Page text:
November 24th, 2016

This week I did some research on the history of U.S. Presidential campaign slogans.

Of course, there is a website dedicated to this exact subject, along with numerous other online resources offering insights into the historical circumstances and politics that fed into each particular slogan.

Some of them are very obscure. In 1844, James K. Polk ran under the slogan “54-40 or fight”, apparently referencing a longstanding dispute with Great Britain over a piece of territory in Oregon.

If the point of a slogan is to confound, this one was certainly a winner, although it was not just Polk’s slogan that baffled people – apparently Polk was such an unknown quantity, he confounded voters even without a catchy slogan, leading his opponent, Henry Clay, to run under the catchphrase “Who is James K. Polk?”

In 1884, Grover Cleveland ran with this unlikely tag: “Blaine, Blaine, James G. Blaine, The Continental Liar from the State of Maine”. I guess it worked, because Blaine lost the election. His own slogan – “Ma, Ma, Where’s my Pa, Gone to the White House, Ha, Ha, Ha” – was a reference to Cleveland’s alleged fathering of illegitimate children. How either of these two slogans projected any useful information about the candidates’ policies is a moot point.

In the end, as we have recently discovered, it’s always only about winning. Ask Abraham (“Vote Yourself a Farm”) Lincoln, or Dwight (“I Like Ike”) Eisenhower.

But is it only about winning? In 1916, Woodrow Wilson ran under the slogan “He kept us out of war”, namely the First World War, then raging in Europe and the Middle East. Then, within four months of beginning his second term, Wilson announced that American neutrality was no longer tenable.

He spent the rest of his presidency vigorously advocating ever-more convoluted strategies to resolve the shifting sands of conflict among the industrialized nations of the world, damaging his health and his standing, both irreparably, a fate he might have avoided had he not been so stubborn about American neutrality.

Republican president Herbert Hoover’s fate was even more tragic. Having promised his voters he would put “a chicken in every pot and a car in every garage”, his presidency was hit by the stock market crash of 1929, which in turn precipitated the Great Depression and twenty years of Democrat presidents.

In case you’re wondering, my interest in slogans and promises was ignited by the dawning realization that many of Donald Trump’s election promises were nothing more than dramatic hyperbole designed to get our attention, rather than policy commitments backed by well-considered strategies to see them implemented.

And yet, while I understand the desire to scrutinize the president-elect, and hold him accountable, I think that doing so actually misses the point.

The description in the Torah portion of Chayei Sarah of Abraham’s purchase of the ‘Cave of Machpela’ as the burial site for his wife Sarah seems overly long and detailed.

Abraham clearly wants to buy this piece of real estate, and is willing to pay any price for it, which is odd, as everyone he engages with makes it abundantly clear he can bury Sarah there at no cost, and he would not be compelled to buy the land.

Abraham’s single-minded persistence prevails, and he ultimately takes legal possession of the land before burying his wife.

But why was Abraham so determined to buy this land, and why was he willing to pay any price for it?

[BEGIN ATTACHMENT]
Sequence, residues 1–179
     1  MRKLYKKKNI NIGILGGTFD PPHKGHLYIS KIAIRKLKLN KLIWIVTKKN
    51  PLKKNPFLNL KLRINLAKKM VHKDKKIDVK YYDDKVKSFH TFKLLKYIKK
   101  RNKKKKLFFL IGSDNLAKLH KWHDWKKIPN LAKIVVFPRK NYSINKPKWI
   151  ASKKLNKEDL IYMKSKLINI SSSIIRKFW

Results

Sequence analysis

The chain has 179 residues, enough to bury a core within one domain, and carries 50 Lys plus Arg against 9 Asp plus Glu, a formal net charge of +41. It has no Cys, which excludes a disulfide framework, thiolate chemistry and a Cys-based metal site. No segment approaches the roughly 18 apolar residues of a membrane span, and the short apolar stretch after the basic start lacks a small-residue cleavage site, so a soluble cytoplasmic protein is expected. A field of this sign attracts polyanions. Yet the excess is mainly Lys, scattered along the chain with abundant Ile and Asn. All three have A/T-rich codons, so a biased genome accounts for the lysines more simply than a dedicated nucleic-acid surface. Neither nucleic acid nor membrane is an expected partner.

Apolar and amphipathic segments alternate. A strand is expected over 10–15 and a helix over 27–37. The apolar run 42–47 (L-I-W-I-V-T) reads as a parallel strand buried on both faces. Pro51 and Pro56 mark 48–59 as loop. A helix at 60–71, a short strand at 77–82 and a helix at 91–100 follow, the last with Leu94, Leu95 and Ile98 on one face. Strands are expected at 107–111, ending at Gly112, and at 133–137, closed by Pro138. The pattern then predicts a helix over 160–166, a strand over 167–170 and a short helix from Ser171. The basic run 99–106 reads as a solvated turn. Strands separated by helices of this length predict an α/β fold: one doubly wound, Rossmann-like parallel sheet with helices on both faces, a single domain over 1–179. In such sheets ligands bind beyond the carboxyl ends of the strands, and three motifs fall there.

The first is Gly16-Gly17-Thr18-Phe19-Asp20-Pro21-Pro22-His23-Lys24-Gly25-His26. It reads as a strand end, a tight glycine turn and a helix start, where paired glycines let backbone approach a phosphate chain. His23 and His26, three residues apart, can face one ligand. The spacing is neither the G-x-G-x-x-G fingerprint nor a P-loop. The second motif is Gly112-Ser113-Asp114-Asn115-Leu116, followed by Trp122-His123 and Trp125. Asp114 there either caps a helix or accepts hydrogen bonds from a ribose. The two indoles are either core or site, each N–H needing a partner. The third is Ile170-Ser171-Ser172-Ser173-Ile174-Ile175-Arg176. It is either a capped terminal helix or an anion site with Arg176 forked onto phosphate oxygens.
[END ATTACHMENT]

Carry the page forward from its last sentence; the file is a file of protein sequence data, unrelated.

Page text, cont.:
The Midrash reveals that Adam and Eve were buried there, but although this explains why Abraham was so fixated with the location, it does not explain why he had to buy it.

This passage is immediately followed by another one describing the search for a suitable wife for Abraham’s son, Isaac. Abraham is assertive, even anxious, demanding that his servant does exactly as he is told, namely to find a wife for Isaac who is not a Canaanite girl, from the country of Abraham’s origin.

What was the sudden panic? God had promised Abraham on numerous occasions that his family would develop into a populous nation. What suddenly prompted Abraham to get into gear and ensure that it happened now, without delay, and in this particular way?

Sarah’s death came as a terrible shock to Abraham. Although he had lived in Canaan for over sixty years, and had heard God promise him the most wonderful things, it suddenly dawned on him that he was in exactly the same position now that he had been in when he first arrived – no land of his own, and no great nation — just one unmarried son.

Abraham’s life had always been so intertwined with Divine involvement that he thought God’s promises would simply materialize without any intervention. It took Sarah’s death for him to see things  differently. He realized that knowing something will happen in the future is not meaningful if we have no role in making it happen. God may have made promises, but those promises amounted to nothing if Abraham didn’t act.

God had promised Abraham the land, but Abraham would have to buy the first field. God promised Abraham a great nation, but Abraham would have to ensure his son was married, and to a woman who was a suitable wife.

God’s promises are a vision of possibilities, possibilities that we must turn into reality by taking the necessary steps to ensure they happen.

Rather than looking to presidents and politicians to turn slogans into a better future, we must be the force for change so that a better future becomes the reality we all desire and require for our children and grandchildren.

The president-elect and his opponent may have painted a picture of some version of a future we all yearn for, but each of us has to make the first move in the direction of those promises and make them happen.

Photo: A selection of presidential campaign slogans. (source: Eric Swartz www.prlog.org www.prlog.org/12480201/2)

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